• Because plastic foam is porous it absorbs other carcinogenic pollutants in sea water.

  • When plastic foam sinks into the sea it can be eaten by fish who ingest both the toxic materials in the plastic foam and the additional pollutants it has absorbed. Those chemicals bio-accumulate and can cause harm to humans who ingest the seafood.

  • Lastly, plastic foam is harmful to the environment because it is made with petroleum, a non-sustainable natural resource.

Do we really use that much plastic foam anyway?

  • The world produces more than 14 million US tons of plastic foam each year (imagine that volume given how light it is!)

  • Americans alone throw away around 25 billion plastic foam cups every year! That is equivalent to about 82 cups per person per year.

  • The EPA states that of the 3 million tons of plastic foam produced in the U.S., 2.3 million tons ends up in landfills, with much of the remainder finding its way into waterways.

  • Remember from above, plastic foam does not biodegrade or break down over time and so what ends up in our landfills will still be there even after 500 years.

  • Plastic foam is 100% recyclable but, unfortunately, it is not commonly recycled. The cost of plastic foam recycling is quite high but thankfully recycling efforts are increasing.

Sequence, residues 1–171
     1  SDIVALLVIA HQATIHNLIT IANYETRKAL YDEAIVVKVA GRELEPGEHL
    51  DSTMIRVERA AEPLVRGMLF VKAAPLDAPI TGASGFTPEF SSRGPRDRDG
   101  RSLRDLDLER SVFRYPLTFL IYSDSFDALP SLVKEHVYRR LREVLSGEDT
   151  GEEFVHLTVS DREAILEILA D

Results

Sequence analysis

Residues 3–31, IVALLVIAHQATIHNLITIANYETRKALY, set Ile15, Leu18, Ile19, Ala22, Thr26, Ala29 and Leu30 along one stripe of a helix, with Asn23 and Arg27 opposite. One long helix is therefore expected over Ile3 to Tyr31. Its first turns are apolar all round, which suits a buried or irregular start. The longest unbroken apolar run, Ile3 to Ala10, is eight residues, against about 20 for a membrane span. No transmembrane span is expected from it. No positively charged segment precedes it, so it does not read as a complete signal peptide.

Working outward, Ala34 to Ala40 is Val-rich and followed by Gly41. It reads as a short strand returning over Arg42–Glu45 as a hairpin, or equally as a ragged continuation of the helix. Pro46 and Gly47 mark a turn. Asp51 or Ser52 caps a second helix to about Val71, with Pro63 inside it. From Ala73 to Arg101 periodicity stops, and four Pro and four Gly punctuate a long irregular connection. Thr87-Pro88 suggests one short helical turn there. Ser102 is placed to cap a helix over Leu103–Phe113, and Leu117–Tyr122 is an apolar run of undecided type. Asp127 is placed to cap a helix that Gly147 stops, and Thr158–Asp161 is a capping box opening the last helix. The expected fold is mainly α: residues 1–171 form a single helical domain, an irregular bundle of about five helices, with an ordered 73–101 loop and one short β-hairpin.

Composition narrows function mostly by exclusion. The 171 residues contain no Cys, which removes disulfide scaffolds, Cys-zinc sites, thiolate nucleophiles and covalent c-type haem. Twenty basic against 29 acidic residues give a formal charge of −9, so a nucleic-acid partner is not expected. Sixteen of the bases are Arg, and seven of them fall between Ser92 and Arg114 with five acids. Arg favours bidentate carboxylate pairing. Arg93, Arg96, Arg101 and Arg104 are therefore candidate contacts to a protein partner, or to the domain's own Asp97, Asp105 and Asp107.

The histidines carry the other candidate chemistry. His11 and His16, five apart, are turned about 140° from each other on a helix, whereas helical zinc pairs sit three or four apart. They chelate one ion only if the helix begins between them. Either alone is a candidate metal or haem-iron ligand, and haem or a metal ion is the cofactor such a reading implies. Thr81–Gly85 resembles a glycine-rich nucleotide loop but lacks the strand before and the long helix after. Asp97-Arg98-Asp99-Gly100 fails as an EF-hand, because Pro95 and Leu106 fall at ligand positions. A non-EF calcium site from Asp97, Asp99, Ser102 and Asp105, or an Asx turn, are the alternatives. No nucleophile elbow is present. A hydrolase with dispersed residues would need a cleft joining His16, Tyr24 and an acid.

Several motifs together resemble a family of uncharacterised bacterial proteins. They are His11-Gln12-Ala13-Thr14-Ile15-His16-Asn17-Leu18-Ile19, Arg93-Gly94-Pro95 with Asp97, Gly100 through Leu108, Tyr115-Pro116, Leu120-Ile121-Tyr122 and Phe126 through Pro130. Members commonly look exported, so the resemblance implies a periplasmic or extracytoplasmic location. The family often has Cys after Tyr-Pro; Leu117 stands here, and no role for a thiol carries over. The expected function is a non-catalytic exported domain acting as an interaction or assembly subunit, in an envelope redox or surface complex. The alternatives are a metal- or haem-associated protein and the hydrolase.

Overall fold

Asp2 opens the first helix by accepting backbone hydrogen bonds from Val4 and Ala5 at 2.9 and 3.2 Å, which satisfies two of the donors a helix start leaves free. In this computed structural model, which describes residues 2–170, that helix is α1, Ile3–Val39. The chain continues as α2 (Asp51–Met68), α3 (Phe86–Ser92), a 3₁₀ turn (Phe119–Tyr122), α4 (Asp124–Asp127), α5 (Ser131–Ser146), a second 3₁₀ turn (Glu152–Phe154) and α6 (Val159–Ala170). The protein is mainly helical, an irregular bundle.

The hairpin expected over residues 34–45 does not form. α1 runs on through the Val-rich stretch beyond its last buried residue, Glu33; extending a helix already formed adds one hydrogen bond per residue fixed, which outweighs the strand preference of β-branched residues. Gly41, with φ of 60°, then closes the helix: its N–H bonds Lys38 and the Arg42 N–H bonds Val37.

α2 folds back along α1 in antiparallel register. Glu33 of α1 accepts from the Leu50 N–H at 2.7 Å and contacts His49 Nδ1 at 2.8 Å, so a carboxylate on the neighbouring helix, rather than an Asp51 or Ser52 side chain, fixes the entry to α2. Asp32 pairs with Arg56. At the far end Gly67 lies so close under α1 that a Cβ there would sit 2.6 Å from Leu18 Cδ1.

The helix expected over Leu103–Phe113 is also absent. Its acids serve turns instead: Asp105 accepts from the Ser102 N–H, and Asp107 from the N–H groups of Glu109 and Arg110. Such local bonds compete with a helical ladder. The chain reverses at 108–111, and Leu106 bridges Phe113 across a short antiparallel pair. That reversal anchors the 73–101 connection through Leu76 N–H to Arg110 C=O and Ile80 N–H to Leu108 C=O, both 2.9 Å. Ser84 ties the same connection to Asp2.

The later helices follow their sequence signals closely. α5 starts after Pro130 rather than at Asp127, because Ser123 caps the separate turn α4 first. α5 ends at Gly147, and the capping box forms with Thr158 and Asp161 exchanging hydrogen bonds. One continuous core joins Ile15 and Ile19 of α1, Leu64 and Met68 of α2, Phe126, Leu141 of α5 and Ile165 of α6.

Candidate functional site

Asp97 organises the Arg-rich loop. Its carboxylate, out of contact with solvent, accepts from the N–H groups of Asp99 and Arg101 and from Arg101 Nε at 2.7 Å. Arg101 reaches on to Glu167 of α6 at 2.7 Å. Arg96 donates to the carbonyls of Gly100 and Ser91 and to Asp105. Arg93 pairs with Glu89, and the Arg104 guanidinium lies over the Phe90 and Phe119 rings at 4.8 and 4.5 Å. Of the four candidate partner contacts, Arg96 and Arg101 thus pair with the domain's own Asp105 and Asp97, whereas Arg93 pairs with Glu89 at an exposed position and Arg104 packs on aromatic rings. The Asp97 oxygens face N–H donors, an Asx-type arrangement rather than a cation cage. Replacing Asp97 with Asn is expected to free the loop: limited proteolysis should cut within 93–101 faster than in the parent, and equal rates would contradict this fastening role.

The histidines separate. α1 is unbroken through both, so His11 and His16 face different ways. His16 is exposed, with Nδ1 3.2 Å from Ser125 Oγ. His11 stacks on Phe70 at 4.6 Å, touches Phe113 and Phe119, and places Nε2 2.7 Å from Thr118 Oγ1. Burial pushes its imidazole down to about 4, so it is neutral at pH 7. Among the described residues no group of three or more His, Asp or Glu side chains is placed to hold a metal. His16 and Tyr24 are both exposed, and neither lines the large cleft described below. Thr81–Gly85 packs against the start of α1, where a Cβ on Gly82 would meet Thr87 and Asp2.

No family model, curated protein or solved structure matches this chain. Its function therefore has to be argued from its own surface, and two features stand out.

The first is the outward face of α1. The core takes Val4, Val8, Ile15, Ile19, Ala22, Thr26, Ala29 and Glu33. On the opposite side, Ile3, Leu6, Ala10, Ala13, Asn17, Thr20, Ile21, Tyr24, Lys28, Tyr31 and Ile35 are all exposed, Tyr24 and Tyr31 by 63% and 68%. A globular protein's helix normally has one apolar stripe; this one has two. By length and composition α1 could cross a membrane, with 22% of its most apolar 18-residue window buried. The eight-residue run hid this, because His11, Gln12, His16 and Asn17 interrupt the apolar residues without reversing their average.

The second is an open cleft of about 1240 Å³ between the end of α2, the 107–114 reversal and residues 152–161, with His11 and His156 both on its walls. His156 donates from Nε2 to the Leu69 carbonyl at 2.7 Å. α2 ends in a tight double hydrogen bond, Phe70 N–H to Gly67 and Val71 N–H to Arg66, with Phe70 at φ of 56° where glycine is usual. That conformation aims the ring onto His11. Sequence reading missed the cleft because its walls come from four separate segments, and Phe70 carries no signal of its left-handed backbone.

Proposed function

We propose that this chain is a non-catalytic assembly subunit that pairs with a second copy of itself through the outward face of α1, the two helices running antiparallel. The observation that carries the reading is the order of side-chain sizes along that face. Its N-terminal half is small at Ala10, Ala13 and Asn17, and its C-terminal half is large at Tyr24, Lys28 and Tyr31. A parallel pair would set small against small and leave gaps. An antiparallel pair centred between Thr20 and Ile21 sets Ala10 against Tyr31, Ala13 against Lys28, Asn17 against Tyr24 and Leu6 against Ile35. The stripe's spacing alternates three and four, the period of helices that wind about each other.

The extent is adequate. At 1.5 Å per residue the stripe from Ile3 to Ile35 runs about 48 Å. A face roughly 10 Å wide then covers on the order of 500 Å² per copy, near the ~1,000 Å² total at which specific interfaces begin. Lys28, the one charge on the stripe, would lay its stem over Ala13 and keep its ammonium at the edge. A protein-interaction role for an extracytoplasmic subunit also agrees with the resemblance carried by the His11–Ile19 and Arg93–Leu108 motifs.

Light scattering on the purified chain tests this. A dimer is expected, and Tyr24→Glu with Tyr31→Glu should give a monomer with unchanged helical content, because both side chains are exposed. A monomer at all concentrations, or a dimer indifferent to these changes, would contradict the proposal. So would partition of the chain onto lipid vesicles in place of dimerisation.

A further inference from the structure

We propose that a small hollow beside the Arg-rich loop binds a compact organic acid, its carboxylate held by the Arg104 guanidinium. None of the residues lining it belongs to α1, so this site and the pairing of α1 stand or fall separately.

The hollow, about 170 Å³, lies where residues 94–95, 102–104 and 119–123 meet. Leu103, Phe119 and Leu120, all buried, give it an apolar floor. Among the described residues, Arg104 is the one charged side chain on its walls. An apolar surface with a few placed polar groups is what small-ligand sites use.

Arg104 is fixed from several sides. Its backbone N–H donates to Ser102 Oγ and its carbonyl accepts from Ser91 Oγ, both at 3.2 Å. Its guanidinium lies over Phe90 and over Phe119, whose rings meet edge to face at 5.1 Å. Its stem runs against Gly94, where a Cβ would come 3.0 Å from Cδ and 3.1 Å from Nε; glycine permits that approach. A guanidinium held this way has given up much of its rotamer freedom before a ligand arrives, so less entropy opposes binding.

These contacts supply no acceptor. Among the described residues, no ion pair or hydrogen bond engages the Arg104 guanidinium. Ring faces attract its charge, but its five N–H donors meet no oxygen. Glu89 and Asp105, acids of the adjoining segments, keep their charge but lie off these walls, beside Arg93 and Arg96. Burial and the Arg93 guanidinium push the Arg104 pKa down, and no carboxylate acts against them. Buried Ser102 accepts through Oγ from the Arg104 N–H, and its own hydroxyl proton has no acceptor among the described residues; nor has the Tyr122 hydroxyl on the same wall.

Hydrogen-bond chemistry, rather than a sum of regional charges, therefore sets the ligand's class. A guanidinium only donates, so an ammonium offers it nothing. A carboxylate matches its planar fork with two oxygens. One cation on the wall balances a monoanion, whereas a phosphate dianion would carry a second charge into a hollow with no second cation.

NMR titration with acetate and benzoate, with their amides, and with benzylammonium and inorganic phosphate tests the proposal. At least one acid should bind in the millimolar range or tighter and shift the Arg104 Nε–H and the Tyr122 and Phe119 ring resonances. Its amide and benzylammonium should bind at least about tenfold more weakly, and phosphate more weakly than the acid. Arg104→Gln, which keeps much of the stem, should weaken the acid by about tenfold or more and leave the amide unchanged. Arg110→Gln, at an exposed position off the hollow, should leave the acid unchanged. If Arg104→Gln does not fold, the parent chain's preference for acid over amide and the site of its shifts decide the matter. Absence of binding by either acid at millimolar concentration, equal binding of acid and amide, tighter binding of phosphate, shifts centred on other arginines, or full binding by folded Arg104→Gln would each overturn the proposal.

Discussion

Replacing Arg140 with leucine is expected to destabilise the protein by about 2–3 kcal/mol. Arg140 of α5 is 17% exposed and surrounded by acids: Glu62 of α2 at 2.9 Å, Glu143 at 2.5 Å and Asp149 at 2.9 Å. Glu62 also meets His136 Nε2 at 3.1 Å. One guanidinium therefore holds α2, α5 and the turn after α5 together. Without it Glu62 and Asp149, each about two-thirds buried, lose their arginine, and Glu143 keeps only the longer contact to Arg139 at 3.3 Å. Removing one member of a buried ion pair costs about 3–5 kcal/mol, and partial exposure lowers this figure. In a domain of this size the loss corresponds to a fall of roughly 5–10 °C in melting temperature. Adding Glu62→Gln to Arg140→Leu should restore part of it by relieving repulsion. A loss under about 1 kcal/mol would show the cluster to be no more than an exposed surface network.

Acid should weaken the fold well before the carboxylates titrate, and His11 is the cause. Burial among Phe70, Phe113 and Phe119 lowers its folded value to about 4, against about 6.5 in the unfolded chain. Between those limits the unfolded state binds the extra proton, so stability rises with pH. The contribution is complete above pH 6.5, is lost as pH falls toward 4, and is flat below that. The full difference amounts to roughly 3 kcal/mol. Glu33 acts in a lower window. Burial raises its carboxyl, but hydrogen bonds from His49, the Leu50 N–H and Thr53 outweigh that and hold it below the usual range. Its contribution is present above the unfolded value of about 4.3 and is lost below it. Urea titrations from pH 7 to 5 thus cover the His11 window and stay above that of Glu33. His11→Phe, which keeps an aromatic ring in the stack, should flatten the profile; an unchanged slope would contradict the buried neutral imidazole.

We are fortunate, in Lancaster County, Pennsylvania, to have multiple locations where we can recycle our plastic foam (see below). Dart facilities receive plastic foam from schools, community recyclers, supermarkets, hospitals, manufacturing plants, cafeterias, and individuals. Dart transports the plastic foam it collects to its Michigan recycling center for reprocessing. Once processed the material then goes to a manufacturer who will use it to make premium picture frames, crown moulding, and many other useful products. Plastic foam accepted at Dart recycling drop off sites includes:

  • foam cups, plates, bowls

  • “to go” containers or clam shells

  • egg cartons

  • ice chests

  • rinsed meat trays

  • protective shaped or molded packaging foam (frequently used to protect electronics and other consumer goods during shipping)

  • any other foam with the #6 inside the chasing arrows triangle (the traditional symbol for recycling)

Instructions for drop off include:

  • all cups and containers must be rinsed to rid them of food

  • no straws or lids